Global Poverty, Middle-Income Countries and the Future of Development Aid
- Three-quarters of the world’s poor (however defined) live in countries classified as middle-income.
- Donors need not assume their only option is to abandon countries once they cross the arbitrary threshold in per capita income.
- The thresholds themselves currently used to classify countries as low-income or middle-income require urgent updating.
The World Bank’s thresholds dividing countries into low-, middle-, and high-income countries are used by donors to make crucial aid decisions, albeit often with additional indicators including whether to consider ending aid programmes. These thresholds are outdated and require revision not least because the majority of the world’s poor now live in countries officially classified as middle-income. It is therefore useful to look more carefully at the current state of global poverty and its implications for overseas development assistance.
The distribution of poverty
The distribution of global poverty has shifted from countries officially classified by the World Bank as low-income countries towards countries recently classified as middle-income countries. Today, three-quarters of the world’s poor (however defined) live in middle-income countries.
The world’s poor have not moved. Instead, the countries where many of the poor live have experienced drastically rising average incomes, while poverty has not fallen in absolute numbers.
Table 1 shows the proportion of global poverty in low- and middle-income countries during 1990–2008.
Such a shift is important because donors may consider that middle-income country classification is a reason to reduce or even to end aid. Thus, for donors to focus on these categories risks resulting in a divorcing of aid from the bulk of world poverty.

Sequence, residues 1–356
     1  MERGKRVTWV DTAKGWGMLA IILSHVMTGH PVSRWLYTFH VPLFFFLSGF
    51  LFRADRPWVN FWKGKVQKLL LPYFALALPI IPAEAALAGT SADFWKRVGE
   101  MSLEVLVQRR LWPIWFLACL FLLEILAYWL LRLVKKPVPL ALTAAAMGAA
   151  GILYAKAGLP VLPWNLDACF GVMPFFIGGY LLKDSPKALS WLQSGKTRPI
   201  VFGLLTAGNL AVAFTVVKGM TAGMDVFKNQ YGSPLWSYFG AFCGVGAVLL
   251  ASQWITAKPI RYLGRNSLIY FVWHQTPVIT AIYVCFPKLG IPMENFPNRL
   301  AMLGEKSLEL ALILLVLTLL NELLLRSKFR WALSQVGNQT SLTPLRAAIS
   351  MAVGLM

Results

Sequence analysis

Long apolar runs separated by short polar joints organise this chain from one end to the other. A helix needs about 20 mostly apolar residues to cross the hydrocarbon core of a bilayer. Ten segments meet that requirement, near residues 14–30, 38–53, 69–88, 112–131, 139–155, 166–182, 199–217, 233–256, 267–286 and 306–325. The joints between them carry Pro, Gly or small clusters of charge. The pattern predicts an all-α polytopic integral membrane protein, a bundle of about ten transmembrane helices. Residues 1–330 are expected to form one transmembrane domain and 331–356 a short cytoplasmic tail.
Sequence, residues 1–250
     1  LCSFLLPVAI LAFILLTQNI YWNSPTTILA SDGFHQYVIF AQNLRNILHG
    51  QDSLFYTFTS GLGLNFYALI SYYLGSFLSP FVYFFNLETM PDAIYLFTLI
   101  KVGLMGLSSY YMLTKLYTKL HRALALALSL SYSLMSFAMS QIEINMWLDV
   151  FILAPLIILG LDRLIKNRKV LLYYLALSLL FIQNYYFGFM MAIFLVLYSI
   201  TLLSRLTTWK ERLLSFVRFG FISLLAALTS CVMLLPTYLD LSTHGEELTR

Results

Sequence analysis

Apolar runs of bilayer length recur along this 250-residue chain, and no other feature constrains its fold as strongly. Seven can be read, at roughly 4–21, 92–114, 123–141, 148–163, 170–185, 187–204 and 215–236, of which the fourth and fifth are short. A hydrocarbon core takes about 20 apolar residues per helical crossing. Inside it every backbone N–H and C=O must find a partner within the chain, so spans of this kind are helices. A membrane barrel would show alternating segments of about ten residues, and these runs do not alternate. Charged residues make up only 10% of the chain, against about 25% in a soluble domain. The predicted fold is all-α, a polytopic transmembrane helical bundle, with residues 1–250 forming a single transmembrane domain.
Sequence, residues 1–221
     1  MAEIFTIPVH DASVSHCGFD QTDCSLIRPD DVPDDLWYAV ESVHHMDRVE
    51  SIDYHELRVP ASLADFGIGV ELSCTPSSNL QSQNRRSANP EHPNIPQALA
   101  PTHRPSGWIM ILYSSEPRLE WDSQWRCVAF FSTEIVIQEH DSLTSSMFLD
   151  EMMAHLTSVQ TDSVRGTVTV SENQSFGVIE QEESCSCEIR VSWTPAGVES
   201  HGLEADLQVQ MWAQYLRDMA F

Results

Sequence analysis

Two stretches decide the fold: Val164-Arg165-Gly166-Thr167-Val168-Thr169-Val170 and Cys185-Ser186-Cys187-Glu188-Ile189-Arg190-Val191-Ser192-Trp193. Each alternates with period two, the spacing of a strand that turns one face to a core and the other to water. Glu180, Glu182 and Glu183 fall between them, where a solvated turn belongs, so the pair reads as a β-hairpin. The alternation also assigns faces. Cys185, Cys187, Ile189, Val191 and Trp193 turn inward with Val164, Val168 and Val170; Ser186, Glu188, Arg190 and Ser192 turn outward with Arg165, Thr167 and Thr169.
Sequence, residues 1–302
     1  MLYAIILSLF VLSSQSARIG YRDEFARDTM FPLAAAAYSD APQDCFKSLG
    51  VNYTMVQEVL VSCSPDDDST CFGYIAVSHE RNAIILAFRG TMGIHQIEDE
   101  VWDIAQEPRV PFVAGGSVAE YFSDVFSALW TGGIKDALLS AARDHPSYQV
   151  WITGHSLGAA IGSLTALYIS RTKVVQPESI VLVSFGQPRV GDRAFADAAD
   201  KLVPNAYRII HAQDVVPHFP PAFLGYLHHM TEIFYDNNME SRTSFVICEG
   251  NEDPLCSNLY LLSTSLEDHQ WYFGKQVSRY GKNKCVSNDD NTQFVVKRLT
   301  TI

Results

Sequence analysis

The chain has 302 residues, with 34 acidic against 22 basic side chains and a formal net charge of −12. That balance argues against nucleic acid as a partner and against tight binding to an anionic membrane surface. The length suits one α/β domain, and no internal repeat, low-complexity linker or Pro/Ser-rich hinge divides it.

More positively, higher levels of average per capita income imply substantially more domestic resources available for poverty reduction and greater access to private capital markets, so a change in the forms of aid would be advisable.
Although, many of the world’s extreme poor may already live in countries where the total cost of ending extreme income is not prohibitively high as a percentage of GDP, constraints remain relating to differing patterns in economic growth, differing state and sub-national state capacities and capabilities, and challenges in mobilizing support for redistributive policies among a domestic population, the majority of which may be insecure. Thus, development assistance still has a role, most notably in concessional lending, co-financing, and policy coherence.
Implications for aid
Donors will likely face a world in the future where, for all but 15 to 25 of the poorest countries, ‘traditional’ development aid, meaning bilateral resource transfers, is no longer in great demand. Instead, a new kind of multilateralism is required rather than simply terminating relationships between donors and MICs, based on three foundations.
First, middle-income countries may increasingly demand that donor countries make their own national policies more consistent with their stated objectives to promote growth and reduce poverty around the world. Such so-called ‘policy coherence’ is likely to be of considerable significance to middle-income countries in areas of trade and migration, for example.